Detection and Attempted Quantification of Allelopathic Chemicals in Buffelgrass (Pennisetum ciliare) Root Leachates Using Reverse Phase-HPLC
PublisherThe University of Arizona.
RightsCopyright © is held by the author. Digital access to this material is made possible by the University Libraries, University of Arizona. Further transmission, reproduction or presentation (such as public display or performance) of protected items is prohibited except with permission of the author.
AbstractPennisetum ciliare, commonly known as buffelgrass, is an invasive grass that has led to noticeable declines in perennial diversity and abundance. Allelopathy, which describes the exudation of secondary metabolites that result in detrimental effects upon neighboring species, has been implicated as a possible mechanism for buffelgrass' success due to observations that its root leachates inhibit the growth of native plants. Since past researchers have only revealed the identity of the acids present within the leachates (Table 1), I have proposed methods in which to extract and quantify these chemicals by employing reverse phase-HPLC. By comparing retention times with that of standards for the identified allelochemicals, p-hydroxybenzoic, vanillic, syringic, and p-coumaric acid were confirmed in buffelgrass root leachates by HPLC. Using calibration curves, buffelgrass roots were found to consist of 5.801x10⁻³±5x10⁻⁶% p-hydroxybenzoic acid, 3.259x10⁻³±8x10⁻⁶% vanillic acid, 4.940x10⁻³±5x10⁻⁶% syringic acid, and 4.369x10⁻³±5x10⁻⁶% p-coumaric acid, by weight. The detection of the acids demonstrated that these compounds were at a significant enough concentration to be detected, thereby suggesting that they may play a major role in plant interference. By detecting and quantifying phytotoxins in native and invasive plants, the chemicals responsible for inhibiting plant growth could be elucidated, establishing a quantifiable criterion of allelopathy.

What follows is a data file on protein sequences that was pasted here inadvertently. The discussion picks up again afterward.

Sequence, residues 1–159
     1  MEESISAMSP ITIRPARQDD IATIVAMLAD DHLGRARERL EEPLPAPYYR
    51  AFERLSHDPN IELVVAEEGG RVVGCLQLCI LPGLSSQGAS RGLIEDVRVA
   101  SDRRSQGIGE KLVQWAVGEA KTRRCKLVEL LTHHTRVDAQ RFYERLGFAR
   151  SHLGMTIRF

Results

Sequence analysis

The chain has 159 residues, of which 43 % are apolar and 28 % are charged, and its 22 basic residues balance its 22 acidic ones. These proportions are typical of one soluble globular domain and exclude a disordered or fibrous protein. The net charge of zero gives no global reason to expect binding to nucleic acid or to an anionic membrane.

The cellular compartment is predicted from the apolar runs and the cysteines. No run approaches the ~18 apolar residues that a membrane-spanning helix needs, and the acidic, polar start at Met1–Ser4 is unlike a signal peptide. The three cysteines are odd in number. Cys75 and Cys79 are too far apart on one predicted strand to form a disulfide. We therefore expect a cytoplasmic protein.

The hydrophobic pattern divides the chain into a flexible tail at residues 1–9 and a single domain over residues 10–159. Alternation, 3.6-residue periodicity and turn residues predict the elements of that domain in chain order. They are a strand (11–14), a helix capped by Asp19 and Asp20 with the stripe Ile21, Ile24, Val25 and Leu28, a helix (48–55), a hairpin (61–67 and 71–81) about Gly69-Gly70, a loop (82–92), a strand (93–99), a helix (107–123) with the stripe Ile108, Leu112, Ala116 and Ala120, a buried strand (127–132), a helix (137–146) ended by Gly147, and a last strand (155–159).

Degree ProgramHonors College